Top 5 Football Offense Schemes
Football season is once again upon us. Our team ranked the Top 5 Football Offense Schemes.
Love him or hate him, you can’t deny that Mike Leach is one of the most entertaining characters in college football today. During his days at Texas Tech, his gruff—and at times odd—behavior was only matched by his unusual offensive game plan that called for airing it out early and often, regardless of opponent.
Nicknamed the “Air Raid,” Leach’s Red Raiders were fairly successful over his 10 seasons in Lubbock, finishing with a record of 84-43 and never missing a bowl trip. Then at Washington State, Leach continued his aerial attacks, only this time with limited success.
The cornerstone of a Leach offense is the set number of rehearsed plays that often come in an empty (5-wide) or balanced (4-wide) formation. These plays are fairly well scripted, can be called at almost any time, and require little if any on-field, in-game preparation.
The Midshipmen of Navy, like their brethren up in New York, lack the size and pure athleticism we see from the nation’s top football programs. Since every cadet and midshipman must adhere to military fitness standards, a 320-pound lineman is out of the question for the academies.
So how can Navy compete so well against other FBS programs? It’s all about the offensive scheme.
Navy runs a flexbone triple-option offense that was once one of the premiere systems in football. As players got bigger, strong and faster, the flex began to fall by the wayside with the introduction of pro style, run-and-gun, west coast and spread offenses. But therein lies the secret to Navy’s success.
Since the flex triple-option is so rare this day in age, most teams have a very difficult time defending it. Navy opponents never really know where the ball will be going next, and the Midshipmen are masters at misdirection.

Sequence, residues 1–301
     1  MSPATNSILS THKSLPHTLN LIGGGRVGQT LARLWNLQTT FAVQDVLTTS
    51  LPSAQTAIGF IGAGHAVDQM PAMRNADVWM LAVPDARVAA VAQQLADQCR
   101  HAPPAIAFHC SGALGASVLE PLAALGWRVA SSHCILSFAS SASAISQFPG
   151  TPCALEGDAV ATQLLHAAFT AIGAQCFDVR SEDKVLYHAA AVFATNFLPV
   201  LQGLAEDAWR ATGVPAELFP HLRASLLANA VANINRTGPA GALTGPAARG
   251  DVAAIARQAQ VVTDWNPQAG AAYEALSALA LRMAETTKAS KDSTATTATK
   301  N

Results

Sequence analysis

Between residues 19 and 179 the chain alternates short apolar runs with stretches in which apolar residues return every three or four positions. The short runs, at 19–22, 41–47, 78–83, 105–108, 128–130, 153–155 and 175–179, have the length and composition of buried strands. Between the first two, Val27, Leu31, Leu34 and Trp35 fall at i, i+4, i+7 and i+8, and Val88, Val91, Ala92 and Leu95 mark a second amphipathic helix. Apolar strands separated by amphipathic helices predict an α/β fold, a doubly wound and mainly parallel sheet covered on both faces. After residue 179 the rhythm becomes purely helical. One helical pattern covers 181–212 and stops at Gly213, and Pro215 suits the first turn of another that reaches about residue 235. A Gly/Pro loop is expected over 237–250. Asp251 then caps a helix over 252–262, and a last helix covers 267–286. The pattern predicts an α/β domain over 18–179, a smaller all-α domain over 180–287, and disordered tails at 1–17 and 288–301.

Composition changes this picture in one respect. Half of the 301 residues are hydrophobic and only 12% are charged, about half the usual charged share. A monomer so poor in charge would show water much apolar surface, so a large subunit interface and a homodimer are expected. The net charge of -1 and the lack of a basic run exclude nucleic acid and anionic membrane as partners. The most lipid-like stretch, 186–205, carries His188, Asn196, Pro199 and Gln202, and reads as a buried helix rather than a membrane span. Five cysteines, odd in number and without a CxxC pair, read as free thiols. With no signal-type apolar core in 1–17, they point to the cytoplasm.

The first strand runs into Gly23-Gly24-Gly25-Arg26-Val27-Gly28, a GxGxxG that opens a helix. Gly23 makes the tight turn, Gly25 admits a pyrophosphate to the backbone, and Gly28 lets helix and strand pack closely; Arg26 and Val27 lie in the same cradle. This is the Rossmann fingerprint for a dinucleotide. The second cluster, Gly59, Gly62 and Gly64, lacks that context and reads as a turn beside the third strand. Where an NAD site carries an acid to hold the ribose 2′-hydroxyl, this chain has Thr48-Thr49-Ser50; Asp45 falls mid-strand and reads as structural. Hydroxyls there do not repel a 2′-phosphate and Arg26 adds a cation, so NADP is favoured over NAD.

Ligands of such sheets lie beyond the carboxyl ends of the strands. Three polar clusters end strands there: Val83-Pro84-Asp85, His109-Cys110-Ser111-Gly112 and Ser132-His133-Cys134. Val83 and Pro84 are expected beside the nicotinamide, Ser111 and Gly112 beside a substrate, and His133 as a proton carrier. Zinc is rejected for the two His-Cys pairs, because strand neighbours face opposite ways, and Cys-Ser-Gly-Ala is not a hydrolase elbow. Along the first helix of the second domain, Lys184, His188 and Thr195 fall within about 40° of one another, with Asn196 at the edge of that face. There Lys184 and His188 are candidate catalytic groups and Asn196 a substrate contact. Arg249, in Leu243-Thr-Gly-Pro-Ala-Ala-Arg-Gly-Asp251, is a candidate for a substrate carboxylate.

Whether the ball goes up the middle with the fullback, around the end with the quarterback, or out to the wings with the halfback, an opposing defense must defend each option flawlessly. In effect, Navy has three players carrying the ball on every play, and in this shell game, the defense has to be not only very good, but a little lucky, too.
Some people love the pistol, others think it’s a gimmick. When Chris Ault invented the current version of Nevada’s pistol, he used it to guide the Wolf Pack to eight-straight bowl games, and 11 in his previous 13 seasons (he did not coach the 1993 team, nor 1996-2003) before his retirement at the end of 2012.
Ault took over a Nevada program when it was a small Division II team back in the 1970s. He guided the program through its years in the FCS (then Division I-AA) until it became an FBS member in 1992.
The pistol formation places the quarterback halfway between a shotgun position and directly under center—basically a mini-gun, hence the name. From this vantage point, the quarterback makes defensive reads before the snap and has added time to throw the ball compared to under center. Otherwise, he can hand the ball off to a back who is much closer to the line of scrimmage, giving defenses much less time to react.
Okay, you caught us. Here’s another scheme we’re including on this list that isn’t truly “creative,” but is pretty unusual these days.
These days, Wisconsin looks every bit the Big Ten team of yesteryear. The Badgers love a big, powerful run game, and while it may not be very flashy at first glance, it’s guided Wisconsin to three straight Big Ten titles and trips to the Rose Bowl Game.
Every season, the names on the backs of the jerseys change, but the team is essentially the same: ginormous offensive linemen, powerful running backs and a quarterback who can manage the game even with questionable passing skills.
When the spread was introduced, it was clear that a revolution was underway. Chip Kelly and the Oregon Ducks took the spread and injected some monster steroids into it, creating the most prolific offensive scheme we’ve ever seen in the history of college football.
The Ducks take the spread, combine it with the air raid, and mix it with the energy of a three-year-old who just found a stash of Pixy Stix. Kelly put together this system at Oregon as offensive coordinator in 2007 and 2008 under head coach Mike Bellotti. Bellotti and Kelly developed the system that is still in use today, and has led the Ducks to four-straight BCS bowl appearances.
The trademark of this system is not only it’s typical spread formations and play-calling, but the speed at which the plays are executed. Rather than a typical system of hand signals and armband checks, Oregon revolutionized the signal system with a series of poster boards with four pictures or symbols. At a glance in under a second, every Oregon player on the field knows exactly what to do next. This allows Oregon to get plays off very quickly, often with more than 20 seconds remaining on the play clock.
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